Small-group discussion
Soldiers participate in a small-group discussion about the integration of behavioral health specialists and unit ministry teams during the Chaplains Integration Pilot program held at Fort Hood, Texas, Jan. 19-21. (Photo Credit: Paul Stamps, Army Chaplains Corps ) VIEW ORIGINAL

FORT HOOD, Texas -- Hosted by Chaplain (Maj. Gen.) Thomas Solhjem, the Army Chief of Chaplains, the Chaplaincy Integration Pilot program made its way here, Jan 19 - 21.

Intended to focus on the “spiritual readiness” of Soldiers, the U.S. Army Chaplains Corps has partnered with Dr. Lisa Miller, professor of psychology and education at Columbia University, to integrate a partnership program for Army command teams, behavioral health specialists and chaplains.

“There is a mischaracterization of what is spiritual and what is religious,” Solhjem said in describing the purpose behind CHIP. “If you say the word spiritual, people immediately equate it to religious. So (the purpose of) this training is to bring the science behind spirituality into our Army.”

“Why is this important?” Soljehm asked. “We’ve been giving our Soldiers about 20% of what they need. We haven’t been giving our Soldiers all that they need to live out successful lives and to be successful while performing their duties,” he said.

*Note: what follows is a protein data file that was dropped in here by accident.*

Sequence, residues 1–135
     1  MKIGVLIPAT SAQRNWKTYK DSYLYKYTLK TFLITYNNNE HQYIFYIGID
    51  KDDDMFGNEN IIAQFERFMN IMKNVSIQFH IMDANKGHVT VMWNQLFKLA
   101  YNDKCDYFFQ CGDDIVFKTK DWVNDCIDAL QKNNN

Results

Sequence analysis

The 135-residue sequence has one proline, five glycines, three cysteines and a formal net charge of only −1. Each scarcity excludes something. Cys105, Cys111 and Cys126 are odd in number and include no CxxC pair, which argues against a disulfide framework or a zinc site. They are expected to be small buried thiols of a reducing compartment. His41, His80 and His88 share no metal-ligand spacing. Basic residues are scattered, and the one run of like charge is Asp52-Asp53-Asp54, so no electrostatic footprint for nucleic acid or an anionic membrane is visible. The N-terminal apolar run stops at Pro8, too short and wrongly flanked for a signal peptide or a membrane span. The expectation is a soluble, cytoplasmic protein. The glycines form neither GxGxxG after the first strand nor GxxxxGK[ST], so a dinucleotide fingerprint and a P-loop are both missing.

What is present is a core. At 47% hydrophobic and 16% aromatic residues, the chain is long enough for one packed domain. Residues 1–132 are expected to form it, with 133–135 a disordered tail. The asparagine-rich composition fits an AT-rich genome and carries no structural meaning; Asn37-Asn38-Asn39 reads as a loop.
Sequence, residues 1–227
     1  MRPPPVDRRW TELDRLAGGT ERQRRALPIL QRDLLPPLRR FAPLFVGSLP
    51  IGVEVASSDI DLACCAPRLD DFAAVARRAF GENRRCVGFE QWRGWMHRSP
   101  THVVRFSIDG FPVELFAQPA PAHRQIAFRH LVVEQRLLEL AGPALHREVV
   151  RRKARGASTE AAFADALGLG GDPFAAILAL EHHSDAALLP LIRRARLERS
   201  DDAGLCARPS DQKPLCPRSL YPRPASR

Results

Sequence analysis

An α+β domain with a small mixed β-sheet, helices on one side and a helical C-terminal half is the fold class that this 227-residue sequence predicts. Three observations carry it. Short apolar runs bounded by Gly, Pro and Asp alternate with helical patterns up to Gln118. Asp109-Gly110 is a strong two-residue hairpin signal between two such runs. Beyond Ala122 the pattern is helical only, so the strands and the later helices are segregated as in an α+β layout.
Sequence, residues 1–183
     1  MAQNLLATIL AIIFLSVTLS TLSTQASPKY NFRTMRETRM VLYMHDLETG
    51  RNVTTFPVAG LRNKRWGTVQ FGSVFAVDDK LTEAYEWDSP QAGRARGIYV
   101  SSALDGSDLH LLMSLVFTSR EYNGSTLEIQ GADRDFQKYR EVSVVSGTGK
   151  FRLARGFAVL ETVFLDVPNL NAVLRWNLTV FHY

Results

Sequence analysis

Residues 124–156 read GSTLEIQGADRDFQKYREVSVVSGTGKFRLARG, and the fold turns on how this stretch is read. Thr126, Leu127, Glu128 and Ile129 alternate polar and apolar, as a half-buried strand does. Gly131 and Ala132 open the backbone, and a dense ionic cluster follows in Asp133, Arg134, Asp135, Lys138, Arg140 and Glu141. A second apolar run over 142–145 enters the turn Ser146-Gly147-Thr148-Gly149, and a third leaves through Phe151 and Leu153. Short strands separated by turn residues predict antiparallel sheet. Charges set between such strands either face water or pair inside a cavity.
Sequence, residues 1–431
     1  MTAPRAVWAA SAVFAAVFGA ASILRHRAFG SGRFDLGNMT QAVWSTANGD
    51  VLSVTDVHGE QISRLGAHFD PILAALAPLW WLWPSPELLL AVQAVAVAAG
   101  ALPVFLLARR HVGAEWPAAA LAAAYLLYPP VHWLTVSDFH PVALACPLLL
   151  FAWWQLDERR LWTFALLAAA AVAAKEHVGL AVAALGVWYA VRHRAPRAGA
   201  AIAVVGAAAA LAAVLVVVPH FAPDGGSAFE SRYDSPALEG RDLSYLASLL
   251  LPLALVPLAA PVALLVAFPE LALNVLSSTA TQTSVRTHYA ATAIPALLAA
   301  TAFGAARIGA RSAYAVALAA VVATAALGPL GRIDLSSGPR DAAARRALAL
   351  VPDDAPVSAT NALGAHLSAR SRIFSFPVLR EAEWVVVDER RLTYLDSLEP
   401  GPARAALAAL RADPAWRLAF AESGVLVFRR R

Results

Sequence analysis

“A 20-year bifurcation of spiritualty from overall fitness, training, and culture in the U.S. military has weakened and made vulnerable the Soldier,” Miller explained during the training. “The cost is degraded outward performance and lessened inner reserves to solve problems, as well as personal suffering, including suicide.”

Soljem explained that the research Miller brings to the table will allow Army chaplains, behavioral health specialists, and command teams to work together to ensure Soldiers have a place to go and a variety of people to talk to, regardless of religious or spiritual specificities. The training is intended to help key leaders show their Soldiers that they don’t need to have a faith-based perspective in order to ask for and receive help.

It is also intended to train key leaders into looking for different aspects of a Soldier’s wellness in order to ensure he is mentally and physically fit.

Scientific speaker
Dr. Lisa Miller, professor of psychology and education at Columbia University, discusses the science behind spirituality during the Chaplains Integration Pilot program in Comanche Chapel at Fort Hood, Texas, Jan. 19-21. (Photo Credit: Paul Stamps, Army Chaplains Corps) VIEW ORIGINAL

“Science mandates the need to support the spiritual core throughout the life of the Soldier for fitness, resilience and recovery,” Miller said.

Spiritual health as an essential part of a Soldier’s well-being is something that has been greatly highlighted in recent years. With programs like Holistic Health being added to the Army Fitness Doctrine, which is a program dedicated to the individual’s physical and mental fitness, the Army is showing that they understand the need for not just physically fit and combat-ready Soldiers, but that mental health plays a huge role in the health of the individual Soldier as well. With the addition of CHIP, the Army is showing that it understands the spiritual needs of a Soldier is just as important as the physical and mental requirements.